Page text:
The children came home from school knowing all sorts of things we didn’t, like how to cut open the bones of the forest and suck out marrow and how to make tools out of the insect-bear’s carapaces.

A virus swept our village. Twenty people died. James Pettington carved headstones out of blue rocks.

The Beryls brought poultices made of blue mud. We were all too ill to argue.

Jenny Macon rubbed her hand over the arm of a Beryl and stared in wonder at the rotten fur that came off in her fingers. The Beryl made a purring noise. We know this because her sister Barbara told Jose Gomez over a dinner of bone marrow juice and insect jerky.

Jenny Macon went to live with the Beryls. We let her go. She looked over her shoulder when she reached the line between our land and theirs and waved back at us. Her mother cried into her hands. We tried to console her. Jenny will be alright, we said. She’s a smart girl.

The next day we went back to the work of survival and everything was different. The mountains seemed picturesque in their blueness. We died our clothes blue with the dirt. James Pettington walked around saying things like, “Breathe in that clean blue air!” For a moment, we thought everything might be okay.

A month after Jenny left, a Beryl child appeared on the doorstep of Maria Gonzales. Maria took her in and fed her. We began to grow fond of the girl. Beryl children’s fur was soft and luxurious. We ran our fingers through it. We longed for more Beryl children in secret. She was ours now. We looked across the plains and wondered about Jenny. Was she a Beryl now? Was she happy?

One day we decided enough was enough. We went to the Beryl’s village.

“We’re sorry about the distance,” Barbara said, speaking on our behalf. “We’d like to be friends.”

Jenny Macon came out of her Beryl house holding a half-Beryl baby in her arms.

The Beryls just stood there, ignoring our hospitality, and Jenny explained that they wanted us to leave.

“But, we thought we’d stay,” Jose Gomez said.

“We could merge our communities. Survive together,” explained James Pettington. We felt pride for him then. He’d come a long way.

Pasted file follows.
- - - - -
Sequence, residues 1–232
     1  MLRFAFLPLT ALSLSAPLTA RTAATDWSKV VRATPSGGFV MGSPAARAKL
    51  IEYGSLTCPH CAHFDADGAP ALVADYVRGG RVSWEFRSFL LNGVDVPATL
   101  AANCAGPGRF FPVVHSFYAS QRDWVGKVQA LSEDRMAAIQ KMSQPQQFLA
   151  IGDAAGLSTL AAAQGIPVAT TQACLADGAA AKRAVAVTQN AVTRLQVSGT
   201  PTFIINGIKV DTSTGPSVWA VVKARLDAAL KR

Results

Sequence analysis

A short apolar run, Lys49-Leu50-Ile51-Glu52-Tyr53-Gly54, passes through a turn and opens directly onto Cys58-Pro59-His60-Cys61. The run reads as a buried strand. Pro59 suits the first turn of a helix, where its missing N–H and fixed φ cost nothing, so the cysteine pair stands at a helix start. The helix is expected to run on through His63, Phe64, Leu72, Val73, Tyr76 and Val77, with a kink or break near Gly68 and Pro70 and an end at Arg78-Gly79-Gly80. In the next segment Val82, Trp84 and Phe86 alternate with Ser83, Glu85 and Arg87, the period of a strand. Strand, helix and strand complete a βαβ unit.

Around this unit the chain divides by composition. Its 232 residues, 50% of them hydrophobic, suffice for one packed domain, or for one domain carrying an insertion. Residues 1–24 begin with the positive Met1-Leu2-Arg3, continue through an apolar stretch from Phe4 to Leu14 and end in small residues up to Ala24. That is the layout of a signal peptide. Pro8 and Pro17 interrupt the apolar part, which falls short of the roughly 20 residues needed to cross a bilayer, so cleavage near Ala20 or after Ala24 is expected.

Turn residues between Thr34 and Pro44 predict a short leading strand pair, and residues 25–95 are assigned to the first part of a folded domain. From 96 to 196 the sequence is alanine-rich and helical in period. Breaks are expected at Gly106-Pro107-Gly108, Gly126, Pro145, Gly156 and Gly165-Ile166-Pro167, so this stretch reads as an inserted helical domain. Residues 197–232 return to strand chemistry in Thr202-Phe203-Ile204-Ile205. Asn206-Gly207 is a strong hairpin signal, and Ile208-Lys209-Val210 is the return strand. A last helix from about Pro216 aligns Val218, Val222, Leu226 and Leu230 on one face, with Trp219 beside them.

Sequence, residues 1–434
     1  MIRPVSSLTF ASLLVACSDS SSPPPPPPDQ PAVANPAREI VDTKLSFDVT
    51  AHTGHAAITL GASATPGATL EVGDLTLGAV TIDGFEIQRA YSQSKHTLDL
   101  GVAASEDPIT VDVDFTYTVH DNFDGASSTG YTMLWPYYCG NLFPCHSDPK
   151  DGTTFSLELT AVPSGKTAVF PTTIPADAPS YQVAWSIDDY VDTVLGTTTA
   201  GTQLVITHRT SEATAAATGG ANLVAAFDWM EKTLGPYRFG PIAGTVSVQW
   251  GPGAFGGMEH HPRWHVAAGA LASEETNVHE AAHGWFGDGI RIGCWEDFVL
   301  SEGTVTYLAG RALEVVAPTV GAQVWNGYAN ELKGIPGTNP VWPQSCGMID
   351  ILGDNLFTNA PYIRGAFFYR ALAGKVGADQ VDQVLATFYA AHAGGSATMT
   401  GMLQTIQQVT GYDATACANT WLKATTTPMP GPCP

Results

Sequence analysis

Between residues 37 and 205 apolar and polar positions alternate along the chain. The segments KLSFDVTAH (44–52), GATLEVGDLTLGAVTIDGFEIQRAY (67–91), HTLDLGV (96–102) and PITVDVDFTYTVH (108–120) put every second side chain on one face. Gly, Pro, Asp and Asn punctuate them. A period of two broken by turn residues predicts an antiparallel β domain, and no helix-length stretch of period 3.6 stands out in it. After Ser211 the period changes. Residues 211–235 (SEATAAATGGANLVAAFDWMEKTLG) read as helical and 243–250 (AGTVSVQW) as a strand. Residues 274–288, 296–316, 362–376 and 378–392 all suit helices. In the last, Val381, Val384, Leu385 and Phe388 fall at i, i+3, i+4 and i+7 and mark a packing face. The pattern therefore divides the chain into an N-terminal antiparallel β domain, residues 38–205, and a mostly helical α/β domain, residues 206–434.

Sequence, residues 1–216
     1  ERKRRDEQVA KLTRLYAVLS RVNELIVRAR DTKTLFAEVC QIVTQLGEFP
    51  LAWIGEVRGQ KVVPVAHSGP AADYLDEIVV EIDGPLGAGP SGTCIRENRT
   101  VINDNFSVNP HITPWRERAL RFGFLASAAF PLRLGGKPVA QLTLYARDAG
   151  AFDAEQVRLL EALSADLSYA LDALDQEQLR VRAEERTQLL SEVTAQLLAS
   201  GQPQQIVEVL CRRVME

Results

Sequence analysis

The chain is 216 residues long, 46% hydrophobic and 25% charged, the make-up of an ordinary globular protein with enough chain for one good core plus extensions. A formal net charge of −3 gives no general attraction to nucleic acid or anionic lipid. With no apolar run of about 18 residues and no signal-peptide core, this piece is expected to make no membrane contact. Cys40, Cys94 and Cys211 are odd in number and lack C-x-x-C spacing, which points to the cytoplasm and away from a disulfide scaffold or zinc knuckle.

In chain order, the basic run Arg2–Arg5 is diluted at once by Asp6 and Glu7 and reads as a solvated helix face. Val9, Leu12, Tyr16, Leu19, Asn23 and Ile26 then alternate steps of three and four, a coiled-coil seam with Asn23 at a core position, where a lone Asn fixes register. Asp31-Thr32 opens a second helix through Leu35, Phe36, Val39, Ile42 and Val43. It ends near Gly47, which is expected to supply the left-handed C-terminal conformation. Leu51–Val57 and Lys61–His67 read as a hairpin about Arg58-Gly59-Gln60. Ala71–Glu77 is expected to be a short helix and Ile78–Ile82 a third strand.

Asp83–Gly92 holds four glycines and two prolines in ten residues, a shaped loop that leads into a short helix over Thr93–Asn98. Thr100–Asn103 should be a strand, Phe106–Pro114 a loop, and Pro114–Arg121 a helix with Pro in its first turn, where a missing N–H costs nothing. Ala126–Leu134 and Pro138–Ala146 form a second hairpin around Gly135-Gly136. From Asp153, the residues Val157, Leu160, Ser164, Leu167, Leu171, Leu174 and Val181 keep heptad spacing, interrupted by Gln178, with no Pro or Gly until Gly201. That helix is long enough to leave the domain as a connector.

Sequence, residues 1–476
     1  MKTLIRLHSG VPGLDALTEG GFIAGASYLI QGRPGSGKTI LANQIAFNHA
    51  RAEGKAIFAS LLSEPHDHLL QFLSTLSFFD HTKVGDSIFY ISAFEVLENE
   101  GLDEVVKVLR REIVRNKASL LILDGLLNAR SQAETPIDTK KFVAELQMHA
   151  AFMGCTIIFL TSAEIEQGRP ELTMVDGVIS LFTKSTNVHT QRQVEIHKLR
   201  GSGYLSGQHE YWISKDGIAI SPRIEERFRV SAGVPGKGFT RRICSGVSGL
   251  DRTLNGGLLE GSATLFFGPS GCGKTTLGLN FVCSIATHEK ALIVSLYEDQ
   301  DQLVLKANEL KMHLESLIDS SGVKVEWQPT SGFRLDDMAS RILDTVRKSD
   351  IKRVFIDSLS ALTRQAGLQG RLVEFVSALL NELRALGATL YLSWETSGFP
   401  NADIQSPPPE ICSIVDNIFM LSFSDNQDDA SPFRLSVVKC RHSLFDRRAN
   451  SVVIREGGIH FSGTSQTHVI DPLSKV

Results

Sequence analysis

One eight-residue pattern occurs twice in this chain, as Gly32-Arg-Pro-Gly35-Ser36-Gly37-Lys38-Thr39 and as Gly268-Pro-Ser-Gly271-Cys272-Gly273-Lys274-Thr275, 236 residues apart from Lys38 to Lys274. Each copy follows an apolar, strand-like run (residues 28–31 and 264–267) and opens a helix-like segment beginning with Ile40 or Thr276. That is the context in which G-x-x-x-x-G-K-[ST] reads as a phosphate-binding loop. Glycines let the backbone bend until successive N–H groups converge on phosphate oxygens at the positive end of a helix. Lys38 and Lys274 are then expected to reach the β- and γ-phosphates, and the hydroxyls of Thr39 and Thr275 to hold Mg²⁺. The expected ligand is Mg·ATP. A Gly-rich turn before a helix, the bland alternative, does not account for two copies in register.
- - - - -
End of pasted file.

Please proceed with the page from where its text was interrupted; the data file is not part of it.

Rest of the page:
The Beryls shook their furry heads.

We went home and the men were angry. They stood around the fire with pitchforks in our hands, and spades, and other things for digging.

“This isn’t a home, it’s a wilderness,” James Pettington said. And we agreed with him. Sometimes you have to fight for what’s right. Sometimes, you need to prove yourself against what’s out there. Because you are human. And that’s what humans do, isn’t it?


Holly Lyn Walrath’s poetry and short fiction has appeared in Strange Horizons, Fireside Fiction, Daily Science Fiction, Luna Station Quarterly, Liminality, and elsewhere. She is the author of Glimmerglass Girl (Finishing Line Press, 2018). She holds a B.A. in English from The University of Texas and a Master’s in Creative Writing from the University of Denver. She is a freelance editor and host of The Weird Circular, an e-newsletter for writers containing submission calls and writing prompts. Find her online at www.hlwalrath.com


 

NEWS, UPDATES & OFFERS

Flame Tree Publishing | Releases

Last month saw the release of two new more Myths and Tales titles in our Gothic Fantasy collection. Greek Myths & Tales and Chinese Myths & Tales are both packed with fascinating tales from ancient cultures that still inform our fiction and imagination today. See here for more details.


FLAME TREE PRESS | November Releases

Following the amazing response to our October titles we have four new FLAME TREE PRESS books arriving in November. Ramsey Campbell’s Think Yourself Lucky (a Horror masterpiece), Robin TriggsNight Shift (crime thriller from a brilliant debut writer), Jonathan Janz’s The Sorrows (super-scary horror chiller) and Adrian Laing’s Kosmos (a mystery fantasy, featuring the prosecution of the Pictish Merlin!) are all released online, in-store and on our website later this month!


 

Next Month’s Newsletter Themes!


Terms and conditions for the submissions here (at the end of the page). Or just send your 1000 word stories to the Newsletter Editor Maria Pia Tissot maria@flametreepress.com. See announcements for the January Newsletter themes on Twitter, and Facebook. Join our Newsletter subscribers here.